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    A quick search (in German, apologies) leads me to this link which lists two insurers where it seems possible to get coverage after starting your journey (excluding health issues already present). Not sure whether they would cover you as a US resident / UK citizen, but it might be a start.
    – mts
    Commented Dec 24, 2016 at 9:54

2 Answers 2


Here are three possible options that appeared on the first results page of a Google search for uk health insurance for non residents:

They all look to be brokers who should have access to a range of insurers. Brokers take a percentage fee, and you should get a quote from more than one broker and ask them to match/beat each other's quotes.


This seems like an excellent thing to not worry about.

Yes, you could hypothetically be hit by a bus, in a way that would be very serious but non-fatal and not the bus's fault. Let's say it causes a medical bill of $50,000.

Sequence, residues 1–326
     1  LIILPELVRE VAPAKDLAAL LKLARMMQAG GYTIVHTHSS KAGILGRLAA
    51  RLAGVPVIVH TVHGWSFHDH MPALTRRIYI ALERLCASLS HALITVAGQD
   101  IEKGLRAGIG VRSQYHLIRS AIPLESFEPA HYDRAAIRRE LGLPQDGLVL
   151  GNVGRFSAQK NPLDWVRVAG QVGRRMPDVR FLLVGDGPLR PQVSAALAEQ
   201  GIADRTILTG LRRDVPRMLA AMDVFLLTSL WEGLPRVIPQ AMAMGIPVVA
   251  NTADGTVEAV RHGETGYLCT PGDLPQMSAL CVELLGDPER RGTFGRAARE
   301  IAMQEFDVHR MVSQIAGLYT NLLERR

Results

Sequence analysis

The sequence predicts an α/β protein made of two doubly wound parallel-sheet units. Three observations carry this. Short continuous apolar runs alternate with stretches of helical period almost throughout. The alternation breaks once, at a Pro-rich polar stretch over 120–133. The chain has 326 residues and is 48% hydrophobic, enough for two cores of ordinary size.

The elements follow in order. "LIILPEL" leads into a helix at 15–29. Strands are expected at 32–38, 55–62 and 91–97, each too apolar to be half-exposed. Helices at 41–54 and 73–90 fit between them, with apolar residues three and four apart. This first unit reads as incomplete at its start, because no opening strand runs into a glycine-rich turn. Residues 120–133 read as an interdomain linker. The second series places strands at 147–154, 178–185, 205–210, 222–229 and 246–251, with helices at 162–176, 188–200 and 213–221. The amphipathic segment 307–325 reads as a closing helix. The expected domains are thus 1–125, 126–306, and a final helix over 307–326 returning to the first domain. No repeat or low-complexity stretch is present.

Well, so what? $50,000 is a lot of money, but not that much. It's the cost of a pretty nice car. I don't know what your job is, but you'd probably have to work several years to pay it off.

That would suck, but, again, so what? The bus could also kill you outright, but you completely shrug off that possibility as unimportant.

And what's the alternative? Go to a huge amount of trouble to pay insurance, with a terrible expected payoff; you'd probably pay two or three times the actuarial risk.

Better, I think, to wait for your situation to stabilize and buy appropriate insurance for the long term.

  • 2
    Having spent about 10 years working at one of those places that handle emergency calls and case handling for travel insurance customers, I can categorically state that this answer gives VERY BAD ADVICE. I have witnessed too many instances of families having to mortgage their houses and heavily indebting themselves in order to be able to pay for medical treatment, all because someone went on a trip without adequate insurance. This is not an either/or situation; immediate insurance should be secured as well as appropriate longterm insurance. Commented Dec 25, 2016 at 12:43